The transit agency has fought back, sending out letters demanding retraction claiming numerous inaccuracies. They have yet to make a credible case in their defense, as innewsource has only conceded a couple of minor points needing correction. The main thrust of the reporting about NCTD policies and practices remains unchallenged, and government agencies, including the Federal Transit Administration are said to be looking into the matter.
The investigative reporting by inewsource/KPBS was triggered by sources inside and outside the NCTD and often confirmed via California Public Records Act requests. The new policy, supposedly triggered by data storage capacity considerations, will allow records considered not to be “district records” to be deleted after 60 days. The NCTD’s 100-or-so employees will get to decide what constitutes a district record.
Peter Scheer, the Executive Director of California’s First Amendment Coalition, a nonprofit dedicated to open and accountable government, was incredulous when shown the proposed changes.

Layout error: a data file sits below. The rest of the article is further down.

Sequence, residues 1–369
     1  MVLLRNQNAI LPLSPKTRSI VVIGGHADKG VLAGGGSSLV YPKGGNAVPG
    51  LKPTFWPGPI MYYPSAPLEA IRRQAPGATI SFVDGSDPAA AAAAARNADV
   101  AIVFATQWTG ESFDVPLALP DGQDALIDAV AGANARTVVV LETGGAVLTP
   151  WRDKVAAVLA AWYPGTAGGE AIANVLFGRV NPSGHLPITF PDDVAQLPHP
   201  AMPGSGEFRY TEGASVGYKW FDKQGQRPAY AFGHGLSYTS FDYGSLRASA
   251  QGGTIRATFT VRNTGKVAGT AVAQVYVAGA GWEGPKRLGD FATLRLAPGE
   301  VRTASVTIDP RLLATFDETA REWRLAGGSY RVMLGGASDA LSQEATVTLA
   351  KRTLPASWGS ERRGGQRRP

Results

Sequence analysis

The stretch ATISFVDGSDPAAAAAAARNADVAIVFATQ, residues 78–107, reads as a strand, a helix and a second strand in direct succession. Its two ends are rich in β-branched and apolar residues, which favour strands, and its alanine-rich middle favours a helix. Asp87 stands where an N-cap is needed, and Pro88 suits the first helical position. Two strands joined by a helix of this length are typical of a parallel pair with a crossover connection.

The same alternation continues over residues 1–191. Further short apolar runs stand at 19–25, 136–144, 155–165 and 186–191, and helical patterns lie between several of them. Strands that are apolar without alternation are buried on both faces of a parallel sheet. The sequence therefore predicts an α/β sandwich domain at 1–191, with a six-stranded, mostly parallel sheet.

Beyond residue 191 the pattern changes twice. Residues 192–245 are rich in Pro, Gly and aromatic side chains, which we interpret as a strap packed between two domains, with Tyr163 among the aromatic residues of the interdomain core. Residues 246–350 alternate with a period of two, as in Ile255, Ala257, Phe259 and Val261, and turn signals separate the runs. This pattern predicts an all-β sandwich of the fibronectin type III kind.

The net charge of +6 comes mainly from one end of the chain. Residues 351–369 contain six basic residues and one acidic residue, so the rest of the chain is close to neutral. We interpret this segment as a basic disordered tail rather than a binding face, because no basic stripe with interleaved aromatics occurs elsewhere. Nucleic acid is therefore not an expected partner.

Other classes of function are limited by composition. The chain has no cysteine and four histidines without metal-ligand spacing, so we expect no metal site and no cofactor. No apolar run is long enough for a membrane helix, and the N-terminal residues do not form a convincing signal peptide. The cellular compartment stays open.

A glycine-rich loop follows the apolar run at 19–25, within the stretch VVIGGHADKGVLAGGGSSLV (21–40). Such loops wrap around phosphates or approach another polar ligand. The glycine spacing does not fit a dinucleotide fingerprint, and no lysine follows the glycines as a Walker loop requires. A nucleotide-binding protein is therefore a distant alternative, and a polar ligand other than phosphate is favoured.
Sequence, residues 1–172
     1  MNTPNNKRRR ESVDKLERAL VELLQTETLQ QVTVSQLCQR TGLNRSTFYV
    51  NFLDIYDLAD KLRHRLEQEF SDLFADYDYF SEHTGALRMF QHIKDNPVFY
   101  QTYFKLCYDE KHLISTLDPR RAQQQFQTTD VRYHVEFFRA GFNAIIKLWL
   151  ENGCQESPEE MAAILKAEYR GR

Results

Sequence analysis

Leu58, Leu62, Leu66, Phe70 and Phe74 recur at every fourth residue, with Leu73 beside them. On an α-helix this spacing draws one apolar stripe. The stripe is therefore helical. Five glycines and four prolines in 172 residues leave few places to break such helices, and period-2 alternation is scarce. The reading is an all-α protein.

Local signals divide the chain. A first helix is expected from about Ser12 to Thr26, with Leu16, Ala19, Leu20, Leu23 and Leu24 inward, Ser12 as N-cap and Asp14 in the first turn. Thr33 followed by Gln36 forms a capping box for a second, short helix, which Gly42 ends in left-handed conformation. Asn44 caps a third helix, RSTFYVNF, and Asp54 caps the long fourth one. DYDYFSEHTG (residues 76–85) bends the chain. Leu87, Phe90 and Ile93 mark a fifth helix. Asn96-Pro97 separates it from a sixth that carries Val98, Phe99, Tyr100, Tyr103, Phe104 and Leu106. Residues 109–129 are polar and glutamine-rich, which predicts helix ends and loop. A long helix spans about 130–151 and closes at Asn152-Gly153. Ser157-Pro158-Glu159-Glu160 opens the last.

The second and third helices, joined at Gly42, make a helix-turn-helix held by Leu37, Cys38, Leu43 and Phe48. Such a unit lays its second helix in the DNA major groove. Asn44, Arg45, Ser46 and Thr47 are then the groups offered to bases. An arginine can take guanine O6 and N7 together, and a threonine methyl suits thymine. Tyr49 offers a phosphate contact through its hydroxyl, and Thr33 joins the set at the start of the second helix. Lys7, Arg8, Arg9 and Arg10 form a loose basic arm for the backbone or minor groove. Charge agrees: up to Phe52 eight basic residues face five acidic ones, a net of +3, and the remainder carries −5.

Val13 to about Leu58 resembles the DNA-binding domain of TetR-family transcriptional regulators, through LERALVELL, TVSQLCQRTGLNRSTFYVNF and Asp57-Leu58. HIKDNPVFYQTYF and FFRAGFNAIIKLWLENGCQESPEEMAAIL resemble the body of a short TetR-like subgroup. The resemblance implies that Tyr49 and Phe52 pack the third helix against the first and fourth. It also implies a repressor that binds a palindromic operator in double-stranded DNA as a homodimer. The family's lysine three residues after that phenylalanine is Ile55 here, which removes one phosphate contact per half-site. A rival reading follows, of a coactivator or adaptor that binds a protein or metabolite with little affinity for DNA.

“Either they’re failing to show this to their lawyers,” Scheer said, “or their lawyers haven’t read the Public Records Act….
Scheer said there is no reason to delete anything other than personal email. Governments have argued in the past that limits on technology and cost of storage were legitimate reasons.
“Those are both now irrelevant,” he said.
The NCTD board is set to consider this policy change at an Oceanside meeting at 2pm today. It’s clear to me after reading about their management’s practices that they will be enabling a cover-up should they approve this policy.
Criminalizing Mental Illness
Columnist Steve Lopez at the Los Angeles Times deserves an award for this report on how jails (in LA) are used as dumping places for the mentally ill. Although the figures (17% of the inmate population is mentally ill) he cites are for the City of Angeles, I’m fairly certain there’s equivalent numbers for San Diego and other cities.
Clearly, locking these men up over and over again isn’t working, and it isn’t cheap. But it’s what the system has been doing for years inLos Angeles County and in jails and prisons across the country.